Cocoa, meanwhile, composes around 17% of the agriculture sector’s revenue, according to a September 2017 government report, and PNG produces roughly 9% of the world’s fine flavour beans, the key ingredient in high-end chocolate. Cocoa is the country’s third-largest agricultural export, with annual average shipments of 37,800 tonnes between 2010 and 2017. Although it is grown in 14 states, East New Britain, East Sepik, Madang and North Solomon produce about 75% of the total harvest. However, output has witnessed periods of decline, most recently from the cocoa pod borer (CPB) pest, which led to a fall in production in East New Britain between 2008 and 2012 after it first appeared in 2006. East New Britain is the country’s top cocoa-producing province, accounting for 24% of total output from 2006 until 2015. While the industry as a whole has responded resiliently to the CPB, successive outbreaks have caused many smallholders to pursue other crops.
Accounting for 220,000 ha of land, or 1.86% of total commercially cultivated land, copra is PNG’s fourth-largest agricultural export. Major export markets for the crop include the Philippines, Australia and Bangladesh, while the top-three destinations for coconut oil are the Netherlands, Germany and the UK. The top copra meal export markets are Australia, New Zealand and South Africa. At present, 14 provinces see some planting of the crop, with a total of 409,417 households – or 1.5m people – involved in cultivating coconuts. In 2017 PNG exported 50,600 tonnes of copra, 7100 tonnes more than in 2016, and 16,200 tonnes of coconut oil, 1700 less than in the previous year.
Palm Oil Policy
Although palm oil represents the most lucrative sector earner, the lack of a national policy for the industry, coupled with ineffective oversight of land use under Special Agriculture and Business Leases, has increased the risk of deforestation, despite strong gains in sustainability efforts.
According to a June 2016 report by the UN Development Programme and the Forest Carbon Partnership Facility, PNG has the third-largest land area of plantations certified by the Roundtable on Sustainable Palm Oil (RSPO) in the world after Malaysia and Indonesia, and in 2014 it had the highest share of RSPO-certified area as a percentage of total palm oil land, at 93%. To further strengthen the nation’s palm oil reputation, efforts are being made to mitigate the negative impact of clearing land for planting. Aligned with the government’s long-term strategy to reduce deforestation and ensure the profitability of the palm oil industry, NBPOL and Hargy Oil Palms have made efforts to position the country as a global leader for sustainable palm oil production. Gains by NBPOL were recognised in June 2018 when it received the Sustainable Pathfinder Award from environmental NGO Rainforest Alliance.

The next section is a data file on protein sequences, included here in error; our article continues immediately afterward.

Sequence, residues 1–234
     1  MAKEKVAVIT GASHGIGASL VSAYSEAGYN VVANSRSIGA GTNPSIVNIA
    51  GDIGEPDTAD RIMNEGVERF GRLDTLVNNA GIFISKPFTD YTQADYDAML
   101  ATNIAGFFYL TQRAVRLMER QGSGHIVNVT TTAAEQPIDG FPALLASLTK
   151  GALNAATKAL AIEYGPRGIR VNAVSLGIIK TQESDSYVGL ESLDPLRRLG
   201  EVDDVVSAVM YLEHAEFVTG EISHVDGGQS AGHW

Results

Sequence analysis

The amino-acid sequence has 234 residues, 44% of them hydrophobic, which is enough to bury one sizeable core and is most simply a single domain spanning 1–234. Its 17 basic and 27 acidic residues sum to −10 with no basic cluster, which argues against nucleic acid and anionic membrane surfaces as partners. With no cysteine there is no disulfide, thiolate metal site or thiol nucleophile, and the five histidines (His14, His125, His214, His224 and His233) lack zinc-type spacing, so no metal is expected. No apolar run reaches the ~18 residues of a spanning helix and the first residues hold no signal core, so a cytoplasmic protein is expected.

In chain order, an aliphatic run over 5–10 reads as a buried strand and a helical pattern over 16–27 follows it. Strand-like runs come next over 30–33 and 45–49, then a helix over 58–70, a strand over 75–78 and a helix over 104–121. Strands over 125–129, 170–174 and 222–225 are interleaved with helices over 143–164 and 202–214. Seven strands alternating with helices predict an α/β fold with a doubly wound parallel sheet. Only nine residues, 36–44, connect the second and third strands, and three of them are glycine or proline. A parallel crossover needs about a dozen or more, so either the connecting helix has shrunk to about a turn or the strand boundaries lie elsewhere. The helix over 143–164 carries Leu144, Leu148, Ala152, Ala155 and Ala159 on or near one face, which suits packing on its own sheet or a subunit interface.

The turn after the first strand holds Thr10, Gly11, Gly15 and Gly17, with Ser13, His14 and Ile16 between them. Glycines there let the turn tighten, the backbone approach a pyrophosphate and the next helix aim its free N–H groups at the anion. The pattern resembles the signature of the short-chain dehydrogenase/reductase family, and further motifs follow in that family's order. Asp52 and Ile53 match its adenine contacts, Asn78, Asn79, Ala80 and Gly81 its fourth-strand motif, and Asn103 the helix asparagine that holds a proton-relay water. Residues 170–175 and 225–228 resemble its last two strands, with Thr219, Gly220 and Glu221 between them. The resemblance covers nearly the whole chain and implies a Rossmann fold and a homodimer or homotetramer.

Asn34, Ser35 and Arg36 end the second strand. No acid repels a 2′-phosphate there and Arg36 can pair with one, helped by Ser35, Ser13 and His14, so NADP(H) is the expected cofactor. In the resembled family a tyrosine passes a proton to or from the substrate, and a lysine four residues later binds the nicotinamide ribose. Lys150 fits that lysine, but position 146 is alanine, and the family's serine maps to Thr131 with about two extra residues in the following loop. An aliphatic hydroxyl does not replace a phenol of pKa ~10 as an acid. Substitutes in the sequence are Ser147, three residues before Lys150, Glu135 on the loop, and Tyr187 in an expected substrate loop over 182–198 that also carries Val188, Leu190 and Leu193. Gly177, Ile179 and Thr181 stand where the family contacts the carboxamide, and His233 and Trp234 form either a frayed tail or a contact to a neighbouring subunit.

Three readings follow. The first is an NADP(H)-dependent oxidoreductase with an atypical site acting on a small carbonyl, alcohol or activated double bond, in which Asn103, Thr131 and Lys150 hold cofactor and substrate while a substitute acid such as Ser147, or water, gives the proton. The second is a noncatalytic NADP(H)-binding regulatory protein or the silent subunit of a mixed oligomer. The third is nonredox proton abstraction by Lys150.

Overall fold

Two recommendations were made in the June 2016 report that are expected to steer the industry as it moves forward. The first is to develop a national policy for sustainable palm oil, and the second is to establish PNG’s first multi-stakeholder palm oil platform to strengthen coordination, and help both develop and oversee policy implementation. As of the beginning of 2018 a national policy for sustainable palm oil had yet to be released; however, the need to introduce recognised sustainability standards is being made more urgent by the EU’s moves to phase out purchases of palm oil from certain areas due to its negative environmental impact.
In addition to clearing concerns, logging activity is being monitored by the state. Nearly 90% of forestry exports have gone to China in recent years, but a slowdown in that country’s building activity and increased competition from wood composite and substitute products led to a 12% decrease in total forestry export value in 2017, Bob Tate, executive director of the PNG Forest Industries Association, told OBG.
Segment exports will also be affected by an upcoming policy shift. In the spring of 2017 Prime Minister Peter O’Neill announced that all log exports would cease by 2020 in a bid to build up domestic processing. “We will work closely with companies that are already operating in PNG to ensure that this particular industry produces enough through downstream processing to enable the growth of the housing and construction industry in our country,” he told local media in May 2017.
Lay of the Land
According to data from the PNG Resource Information System, there are over 117,000 sq km of cultivated land in the country. PNG is often described as having fertile soil, and one-quarter of the total landmass is used for agriculture; however, the rest is either too steep, too high in altitude or subject to too much rainfall. With the majority of land under tree cover, and international deforestation and sustainability agreements stipulating that there is to be no additional conversion of primary forest into commercial land, new agriculture projects struggle to find suitable parcels – a situation exacerbated by the lack of secure land tenure.